Ancient woodland in Nottinghamshire threatened by HS2 Phase Two plans, says Woodland Trust

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Ancient woods in Nottinghamshire are threatened as Phase Two of HS2 takes shape, the Woodland Trust has said.

Analysis by the conservation charity of route proposals for the high speed line shows the northern section of the route will impact a minimum of 24 ancient woods – five of them in Nottinghamshire.

However HS2 Ltd said the railway – which will link London, Birmingham, the East Midlands, Leeds and Manchester – will avoid ancient woodlands wherever possible.

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The trust's chief executive Beccy Speight said: "Any loss or damage to ancient woodland is a catastrophe for the natural environment, particularly when you consider how little we have left.

"Just two percent of the UK's land area is made up of these precious and irreplaceable habitats, so for large infrastructure projects like HS2 to be riding roughshod over them, rather than setting an example to avoid them, is totally unacceptable."

Ancient woodland is a descriptive term used to group woods that share centuries of continuity on largely undisturbed natural soils.

The trust estimates that New Farm Wood, in Nuthall, and Watnall Coppice, in Hucknall, will be lost entirely if the proposed route goes ahead.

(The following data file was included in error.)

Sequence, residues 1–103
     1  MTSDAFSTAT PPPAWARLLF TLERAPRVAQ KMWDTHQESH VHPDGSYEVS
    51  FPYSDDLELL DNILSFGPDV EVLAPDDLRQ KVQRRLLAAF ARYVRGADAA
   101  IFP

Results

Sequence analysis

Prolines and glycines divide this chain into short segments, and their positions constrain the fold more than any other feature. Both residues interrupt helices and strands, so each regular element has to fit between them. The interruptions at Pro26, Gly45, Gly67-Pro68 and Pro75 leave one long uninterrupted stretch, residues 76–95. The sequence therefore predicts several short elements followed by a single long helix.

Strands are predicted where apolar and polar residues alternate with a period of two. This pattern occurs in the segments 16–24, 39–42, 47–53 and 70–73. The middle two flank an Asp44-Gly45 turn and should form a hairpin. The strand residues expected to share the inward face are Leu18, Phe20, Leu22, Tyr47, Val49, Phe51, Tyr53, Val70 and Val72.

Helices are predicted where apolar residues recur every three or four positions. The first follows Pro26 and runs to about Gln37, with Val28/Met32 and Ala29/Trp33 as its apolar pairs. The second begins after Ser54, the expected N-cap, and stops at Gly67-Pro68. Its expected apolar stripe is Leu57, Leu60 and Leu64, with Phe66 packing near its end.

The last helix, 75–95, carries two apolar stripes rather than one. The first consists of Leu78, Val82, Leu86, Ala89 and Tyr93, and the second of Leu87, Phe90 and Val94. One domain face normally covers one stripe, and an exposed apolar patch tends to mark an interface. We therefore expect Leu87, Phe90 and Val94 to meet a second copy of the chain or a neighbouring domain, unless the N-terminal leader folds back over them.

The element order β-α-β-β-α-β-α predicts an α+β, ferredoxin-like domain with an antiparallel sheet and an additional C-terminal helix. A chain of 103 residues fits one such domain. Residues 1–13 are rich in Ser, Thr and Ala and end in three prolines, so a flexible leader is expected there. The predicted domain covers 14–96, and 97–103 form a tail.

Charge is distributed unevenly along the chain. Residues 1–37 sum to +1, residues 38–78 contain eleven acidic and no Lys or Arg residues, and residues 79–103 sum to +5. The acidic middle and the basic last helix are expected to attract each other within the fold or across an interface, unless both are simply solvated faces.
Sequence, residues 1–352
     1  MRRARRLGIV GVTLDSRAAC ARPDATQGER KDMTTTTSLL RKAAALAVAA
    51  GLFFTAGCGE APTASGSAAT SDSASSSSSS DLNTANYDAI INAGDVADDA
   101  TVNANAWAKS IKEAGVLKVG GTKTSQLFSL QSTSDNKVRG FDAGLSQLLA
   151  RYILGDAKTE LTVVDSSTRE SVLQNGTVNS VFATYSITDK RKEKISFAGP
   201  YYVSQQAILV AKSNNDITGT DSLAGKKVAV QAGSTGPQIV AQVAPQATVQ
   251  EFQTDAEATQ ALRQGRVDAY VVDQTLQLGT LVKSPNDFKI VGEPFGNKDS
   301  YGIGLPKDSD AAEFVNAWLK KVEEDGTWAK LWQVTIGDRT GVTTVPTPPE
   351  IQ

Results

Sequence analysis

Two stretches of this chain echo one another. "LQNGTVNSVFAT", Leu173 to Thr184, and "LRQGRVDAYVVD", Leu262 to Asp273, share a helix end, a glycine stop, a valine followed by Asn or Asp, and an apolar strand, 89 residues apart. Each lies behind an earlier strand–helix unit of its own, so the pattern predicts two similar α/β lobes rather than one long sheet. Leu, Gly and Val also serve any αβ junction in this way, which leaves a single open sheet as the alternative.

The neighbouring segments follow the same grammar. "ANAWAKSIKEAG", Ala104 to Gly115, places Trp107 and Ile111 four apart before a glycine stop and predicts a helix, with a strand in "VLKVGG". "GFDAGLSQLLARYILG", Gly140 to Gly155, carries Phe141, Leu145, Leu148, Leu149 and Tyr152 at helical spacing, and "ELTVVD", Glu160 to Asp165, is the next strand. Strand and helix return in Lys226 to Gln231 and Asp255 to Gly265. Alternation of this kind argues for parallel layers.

A further three in Nottinghamshire are close enough to be threatened by "damaging effects", such as noise, dust and lighting, the trust has said.

Ms Speight said: "HS2 Ltd will say it's planting millions of trees along the route – that's all well and good, but no amount of new trees can ever recreate ancient woodland."

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HS2 is a new high-speed rail line connecting a host of cities including London, Birmingham, Manchester and Leeds.

Phase 1 is due to open in December 2026 and will see trains travel between London and Birmingham, before running on from Birmingham on the existing West Coast Main Line.

Phase 2 has two separate parts. Phase 2a from the West Midlands to Crewe will launch in 2027.

And phase 2b – from Crewe to Manchester, and also from the West Midlands to Leeds, South Yorkshire and the East Midlands – will open in 2033.

This last bit is the section coming through parts of Derbyshire and Nottinghamshire. A station at Toton Sidings has also been earmarked.

A spokesperson for HS2 said: "HS2 is more environmentally responsible than any major infrastructure project in UK history.

"The railway – which is crucial for the UK's future economic prosperity – will avoid ancient woodlands wherever possible.

"Compensating for unavoidable ancient woodland loss is vital and HS2 Ltd is doing as much, if not more, than has ever been done before.

"We engage regularly with the Woodland Trust and will be seeking their input on Phase Two building on the work we have already done and will be undertaking in more detail."

The route is expected to be finalised by the end of 2017.